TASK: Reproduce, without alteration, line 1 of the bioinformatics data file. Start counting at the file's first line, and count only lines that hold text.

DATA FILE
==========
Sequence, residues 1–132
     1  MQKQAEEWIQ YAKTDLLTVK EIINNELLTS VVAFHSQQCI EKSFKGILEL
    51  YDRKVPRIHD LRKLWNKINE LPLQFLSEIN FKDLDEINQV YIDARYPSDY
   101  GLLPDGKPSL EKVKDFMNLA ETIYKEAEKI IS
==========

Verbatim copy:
Sequence, residues 1–132